Umpiring just seems to be getting worse throughout Major League Baseball. It feels like we could devote at least one post per day to a blown call, some of which are botched so badly that it's simply an embarrassment to the sport.
Detroit Tigers manager Jim Leyland has seen all he can stand, blowing up after Monday's loss to the Boston Red Sox. The Tigers lost the game in large part because of a blown third strike call by home plate umpire Bill Welke. Consequently, instead of getting out of the inning, Detroit went on to allow three runs. In what seemed like a measured, calculated rant, Leyland called upon the media to write more about these terrible calls.
“I mean, you guys need to write something and hold people accountable!” Leyland said to reporters after the game. “You know what? We’re all accountable in this business! All of us are accountable! And when I say all of us, I mean everybody that’s involved in the game needs to be held accountable!"
Given all of the bad umpiring we've seen this season, it's doubtful too many would disagree with Leyland's take. Well, except umpires. And maybe beat reporters, who are too busy writing about the game at hand and issues surrounding the team to really investigate and attack poor umpiring.
Actually, I do take issue with one aspect of Leyland's remarks. Of course, he's right that umpires need to be held accountable, just as players and managers are. But challenging the media to call umpires out is misguided.
This has to be addressed by the true authority figure here: MLB. Even before the clamor for wider instant replay as umpires get increasingly dissected and scrutinized on television and online media, baseball coddled its game officials far too much.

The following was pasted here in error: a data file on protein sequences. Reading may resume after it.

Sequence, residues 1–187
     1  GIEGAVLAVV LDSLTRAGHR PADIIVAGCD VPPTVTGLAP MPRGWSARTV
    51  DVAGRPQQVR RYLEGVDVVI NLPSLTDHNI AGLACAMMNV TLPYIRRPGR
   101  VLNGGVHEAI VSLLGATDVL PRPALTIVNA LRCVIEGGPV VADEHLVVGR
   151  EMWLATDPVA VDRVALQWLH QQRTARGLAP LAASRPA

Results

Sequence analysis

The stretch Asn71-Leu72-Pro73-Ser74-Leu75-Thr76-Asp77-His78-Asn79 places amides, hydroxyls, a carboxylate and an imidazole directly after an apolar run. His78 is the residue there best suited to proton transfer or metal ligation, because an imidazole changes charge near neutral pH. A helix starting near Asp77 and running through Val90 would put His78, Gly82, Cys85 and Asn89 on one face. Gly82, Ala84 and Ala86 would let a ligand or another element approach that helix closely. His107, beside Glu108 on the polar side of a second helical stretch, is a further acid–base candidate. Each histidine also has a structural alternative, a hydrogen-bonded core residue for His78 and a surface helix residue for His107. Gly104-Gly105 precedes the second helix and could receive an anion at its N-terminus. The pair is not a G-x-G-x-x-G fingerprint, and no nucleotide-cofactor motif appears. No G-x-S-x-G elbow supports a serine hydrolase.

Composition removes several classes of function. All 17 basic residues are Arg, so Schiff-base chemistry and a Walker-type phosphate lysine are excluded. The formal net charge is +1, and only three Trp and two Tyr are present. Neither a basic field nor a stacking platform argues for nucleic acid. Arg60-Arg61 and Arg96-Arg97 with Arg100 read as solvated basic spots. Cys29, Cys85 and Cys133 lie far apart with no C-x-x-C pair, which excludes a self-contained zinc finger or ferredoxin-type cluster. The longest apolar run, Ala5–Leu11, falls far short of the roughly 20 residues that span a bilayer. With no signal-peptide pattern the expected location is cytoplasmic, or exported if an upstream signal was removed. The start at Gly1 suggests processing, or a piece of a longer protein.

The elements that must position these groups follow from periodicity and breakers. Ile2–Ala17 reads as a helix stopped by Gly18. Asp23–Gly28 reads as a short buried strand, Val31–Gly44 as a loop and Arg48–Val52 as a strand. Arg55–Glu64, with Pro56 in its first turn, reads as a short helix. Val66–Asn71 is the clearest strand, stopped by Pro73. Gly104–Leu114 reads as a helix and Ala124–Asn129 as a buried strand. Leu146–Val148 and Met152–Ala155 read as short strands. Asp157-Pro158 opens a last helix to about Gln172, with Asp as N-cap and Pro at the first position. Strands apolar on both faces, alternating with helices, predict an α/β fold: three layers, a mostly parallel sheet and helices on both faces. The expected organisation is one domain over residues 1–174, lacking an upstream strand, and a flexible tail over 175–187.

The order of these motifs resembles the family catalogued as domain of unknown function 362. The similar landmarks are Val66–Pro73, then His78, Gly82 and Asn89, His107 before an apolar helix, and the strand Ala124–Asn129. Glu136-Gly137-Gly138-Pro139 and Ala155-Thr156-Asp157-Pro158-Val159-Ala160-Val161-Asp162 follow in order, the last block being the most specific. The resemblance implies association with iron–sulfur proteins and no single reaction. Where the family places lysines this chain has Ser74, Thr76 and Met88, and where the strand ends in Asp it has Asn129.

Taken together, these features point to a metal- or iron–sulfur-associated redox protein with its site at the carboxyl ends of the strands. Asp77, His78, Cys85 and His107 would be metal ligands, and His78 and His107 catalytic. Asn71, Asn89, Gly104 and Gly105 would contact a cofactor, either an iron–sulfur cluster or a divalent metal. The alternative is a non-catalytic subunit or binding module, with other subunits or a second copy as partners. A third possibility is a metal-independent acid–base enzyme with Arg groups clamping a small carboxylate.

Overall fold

MLB suspended Bob Davidson for his conduct in arguing with Philadelphia Phillies manager Charlie Manuel two weeks ago. His behavior was deemed unsuitable and unprofessional, and he was penalized for it. This needs to happen far more often.
Why aren't umpires, for example, forced to take questions from the media in their locker room or during a postgame press conference the way players and managers are? Their actions can affect the outcome of a game just as much, if not more, than any play or decision made.
Yet they rarely have to answer for their mistakes unless a pool reporter gets to talk with them or someone (such as Jim Joyce after blowing Armando Galarraga's perfect game two years ago) stands up and takes his flogging.
Why aren't umpires sent to the minors when they don't meet major league expectations? New York Mets reliever Manny Acosta was designated for assignment on Monday for allowing 11 runs over his past three outings. Subsequently, he's no longer in the majors. If an umpire is consistently botching calls, why is he still doing so in the big leagues?
To be fair, virtually all these calls have to be made on the spot without the benefit of the ideal angle or a slower speed. Of course, if MLB would just expand the parameters of its instant replay system, plays that occur too fast or beyond the sight of an umpire could still be ruled upon correctly with the video technology that's already in place on most every team's television broadcast.
Well, give those umpires the best opportunity to succeed then. ESPN's Jayson Stark recently stated the league was finally ready to expand instant replay. The key component to a new system will be a group of umpires watching from a central location that will ring in when they see a call that needs to be overturned. The right call gets made and the umpiring crew on hand gets the help they increasingly need.
As an added benefit, such a setup would also allow for umpires consistently making poor calls to be reviewed. Umpires might prefer not to give performance reviews to fellow umpires, but the outline of a system that would say, "OK, this guy keeps missing calls and it needs to be addressed" would be in place.
MLB should take advantage of the opportunity to exert some authority over a facet of the game that is affecting the quality of the on-field product. Players, coaches and fans have to trust that the umpiring crew on the field is going to do no harm to the ballgame at hand. Holding umpires accountable for their actions maintains that standard.
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